Aclaimed Guitar Educator and Director of the UCLA Jazz Guitar Department, Wolf Marshall celebrates the career of his good friend, Pat Martino.
Pat Martino is an individual of whom it truly can be said, “he was destined to make music.” Like his musical brethren in that regard, Beethoven, Debussy, Stravinsky, Coltrane
I first met Pat in 1976 when his recent Muse masterpiece Consciousness was still igniting fires on LA’s jazz
Released a couple of years earlier the album held a lot of musicians in awe. “Impressions,” “Along Came Betty” and his original composition “On the Stairs” were ear-catching straight ahead hard-bop performances that showcased the ferocity of his unflagging technique and powerful attack, while “Passata on Guitar” and Joni Mitchell’s “Both Sides, Now” revealed a gentler introspective Martino purveying atypical sonorities in the chord-melody vein. The program, rounded out by “Willow,” a rare trio recording and the decidedly out (in the most ingratiating sense of the word) “Consciousness,” was enough to draw LA’s finest guitar players and jazz cognoscenti from their comfortable havens and stand in line at the Lighthouse jazz venue on the Hermosa Beach pier. Pat was then touring as a bandleader in anticipation of his Starbright record and had a stellar group that included bassist Jeff Berlin, pianist Gil Goldstein and drummer Anton Fig, legends all. He and I began a lifelong friendship that week that was enhanced and nurtured by his regular visits to LA in the late ‘70s.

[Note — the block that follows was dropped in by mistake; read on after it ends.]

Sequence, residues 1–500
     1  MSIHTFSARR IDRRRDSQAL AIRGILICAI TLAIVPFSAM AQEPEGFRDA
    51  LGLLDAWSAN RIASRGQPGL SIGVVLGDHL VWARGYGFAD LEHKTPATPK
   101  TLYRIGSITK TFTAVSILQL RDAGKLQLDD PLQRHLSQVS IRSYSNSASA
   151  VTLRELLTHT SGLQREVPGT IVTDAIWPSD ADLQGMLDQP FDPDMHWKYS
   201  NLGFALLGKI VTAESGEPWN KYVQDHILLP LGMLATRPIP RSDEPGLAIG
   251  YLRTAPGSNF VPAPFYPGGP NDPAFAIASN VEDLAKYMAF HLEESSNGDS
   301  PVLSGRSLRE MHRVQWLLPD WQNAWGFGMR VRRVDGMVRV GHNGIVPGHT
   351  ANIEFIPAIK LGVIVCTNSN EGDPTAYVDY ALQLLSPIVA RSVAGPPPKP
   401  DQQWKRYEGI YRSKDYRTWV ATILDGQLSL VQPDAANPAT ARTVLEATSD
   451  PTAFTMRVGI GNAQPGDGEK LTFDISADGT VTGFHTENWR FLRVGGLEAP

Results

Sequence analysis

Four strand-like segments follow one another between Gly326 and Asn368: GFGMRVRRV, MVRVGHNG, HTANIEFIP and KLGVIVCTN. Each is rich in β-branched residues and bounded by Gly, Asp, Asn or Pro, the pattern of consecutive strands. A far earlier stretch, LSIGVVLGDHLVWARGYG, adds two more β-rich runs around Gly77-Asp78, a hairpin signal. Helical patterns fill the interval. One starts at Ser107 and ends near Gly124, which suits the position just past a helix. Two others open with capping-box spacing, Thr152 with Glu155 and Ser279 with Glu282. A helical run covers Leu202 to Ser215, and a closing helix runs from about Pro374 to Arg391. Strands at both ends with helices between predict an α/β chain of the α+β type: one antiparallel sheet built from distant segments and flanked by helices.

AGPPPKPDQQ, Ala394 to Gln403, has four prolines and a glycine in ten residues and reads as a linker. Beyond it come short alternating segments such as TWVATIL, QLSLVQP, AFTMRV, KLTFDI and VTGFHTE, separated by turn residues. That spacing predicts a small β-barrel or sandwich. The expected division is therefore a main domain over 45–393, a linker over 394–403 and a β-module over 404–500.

He enjoyed the flood of transcriptions I shared with him, that were my Rosetta Stone of jazz guitar, meticulously done in pen-and-ink calligraphy (I was, among many things, a professional copyist at the Local 47 Musician’s Union), as well as numerous discussions into the wee hours about anything and everything from tone spaces, Elliott Carter’s dissonance and avant-garde music (which I studied at UCLA) to mathematics, espresso coffee, octave displacement and the changes to “Road Song” and “Giant Steps.” He wound up commissioning me to produce his copyrighted lead sheets and a transcription of “Prelude,” covering Starbright and Joyous Lake albums for the Library of Congress. I was rewarded many times over through contact and friendship with Pat.
Moreover, I learned how jazz happened on the guitar fingerboard by scouring the over 250 pages of Pat’s improvisations as leader and sideman I had transcribed by 1978.
It pleased me to no end when I discovered while visiting Pat in 1993 that some of these scribblings were helpful to his musical recovery from amnesia following brain surgery in 1980.
I was further gratified that Pat contributed his testimonial to my Best of Jazz Guitar book and then shared deeper musical insights while I was writing Best of Pat Martino.